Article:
Read the whole thing at Liberty For All:
He sighed heavily as he sat on the bench next to the chest and from his vest pocket he pulled a Garcia Y Vega, snipped off the tip of the cheroot with his Cold Steel Gunsite knife and lit it, inhaling deeply the smooth acrid smoke. His eyes glazed over somewhat as he began to reminisce his youthful days as a combat soldier in the jungles of Southeast Asia and the band of brothers that were his and were now, no longer. He began to feel a great sadness and sense of loss as their faces materialized and then vanished from the walls of his memory.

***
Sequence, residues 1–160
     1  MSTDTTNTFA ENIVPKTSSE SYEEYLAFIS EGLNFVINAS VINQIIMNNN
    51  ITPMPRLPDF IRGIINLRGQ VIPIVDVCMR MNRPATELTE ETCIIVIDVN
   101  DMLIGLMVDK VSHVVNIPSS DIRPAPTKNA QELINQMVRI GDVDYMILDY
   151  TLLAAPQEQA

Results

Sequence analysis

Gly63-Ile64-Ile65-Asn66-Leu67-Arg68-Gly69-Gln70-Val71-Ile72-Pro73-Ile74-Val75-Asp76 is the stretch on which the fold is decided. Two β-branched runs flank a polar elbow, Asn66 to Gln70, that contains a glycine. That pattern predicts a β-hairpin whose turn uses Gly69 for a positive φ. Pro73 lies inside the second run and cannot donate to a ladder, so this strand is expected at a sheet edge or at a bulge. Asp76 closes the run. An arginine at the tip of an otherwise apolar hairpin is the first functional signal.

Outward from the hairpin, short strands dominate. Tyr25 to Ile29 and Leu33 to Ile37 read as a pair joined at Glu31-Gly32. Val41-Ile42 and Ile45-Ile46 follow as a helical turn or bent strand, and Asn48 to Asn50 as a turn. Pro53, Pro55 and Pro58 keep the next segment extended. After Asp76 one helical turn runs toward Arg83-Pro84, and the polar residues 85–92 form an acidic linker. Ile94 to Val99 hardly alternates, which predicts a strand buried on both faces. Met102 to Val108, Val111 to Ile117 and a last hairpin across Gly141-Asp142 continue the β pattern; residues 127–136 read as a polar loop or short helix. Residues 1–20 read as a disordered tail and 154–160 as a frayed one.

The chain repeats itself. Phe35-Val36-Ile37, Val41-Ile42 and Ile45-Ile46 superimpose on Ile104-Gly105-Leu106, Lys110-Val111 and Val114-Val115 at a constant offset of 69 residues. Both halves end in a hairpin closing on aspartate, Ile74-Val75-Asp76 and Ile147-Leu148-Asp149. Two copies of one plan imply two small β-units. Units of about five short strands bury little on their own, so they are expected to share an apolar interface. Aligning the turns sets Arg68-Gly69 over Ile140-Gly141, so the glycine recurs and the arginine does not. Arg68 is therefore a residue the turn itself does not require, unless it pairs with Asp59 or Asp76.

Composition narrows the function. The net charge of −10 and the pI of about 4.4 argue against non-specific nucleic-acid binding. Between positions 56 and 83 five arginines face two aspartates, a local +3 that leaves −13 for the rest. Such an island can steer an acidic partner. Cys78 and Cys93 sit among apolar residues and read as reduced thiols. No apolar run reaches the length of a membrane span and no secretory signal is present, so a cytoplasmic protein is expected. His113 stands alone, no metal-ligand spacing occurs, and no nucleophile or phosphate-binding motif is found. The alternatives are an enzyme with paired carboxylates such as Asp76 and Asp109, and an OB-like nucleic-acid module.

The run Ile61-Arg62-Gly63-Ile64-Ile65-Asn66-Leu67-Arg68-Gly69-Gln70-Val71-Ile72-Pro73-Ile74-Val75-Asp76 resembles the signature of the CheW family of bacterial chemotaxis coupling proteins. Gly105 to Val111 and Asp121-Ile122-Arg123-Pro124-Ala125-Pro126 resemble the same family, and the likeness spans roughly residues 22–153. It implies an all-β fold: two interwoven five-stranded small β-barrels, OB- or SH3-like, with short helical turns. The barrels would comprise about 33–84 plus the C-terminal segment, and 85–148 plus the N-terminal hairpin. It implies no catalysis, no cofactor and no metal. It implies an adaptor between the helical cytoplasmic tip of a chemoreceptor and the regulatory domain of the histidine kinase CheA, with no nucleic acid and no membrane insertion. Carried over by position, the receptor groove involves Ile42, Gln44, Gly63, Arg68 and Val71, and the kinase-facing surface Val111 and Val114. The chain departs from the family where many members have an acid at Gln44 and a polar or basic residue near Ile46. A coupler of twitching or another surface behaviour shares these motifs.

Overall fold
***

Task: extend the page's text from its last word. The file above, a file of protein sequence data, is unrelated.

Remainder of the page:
Again he sighed deeply, and took another long draw from the cheroot. Suddenly it dawned on him that dusk was fast approaching on this cold November day. The early evening breeze from the nearby mountain had begun to blow cold, its icy fingers penetrating to the very marrow of the old veteran’s weary joints. He groaned and with a sense of urgency he pulled a soft cloth from the chest. Quickly he unwrapped the cloth from around the cheek rest for his Bushmaster. As quickly as his finger joints would allow he attached the cheek rest to the stock of the rifle. Quickly, oh so quickly, he pulled an oddly shaped appendage made of black plastic from the chest and attached it to the ejection port of the rifle. It was a brass catcher. Last but not least he withdrew several of what appeared to be long metallic boxes. He shoved one up into the magazine well of his rifle, pulled back the charging handle and then released it. The bolt flew forward with a resounding “clunk.”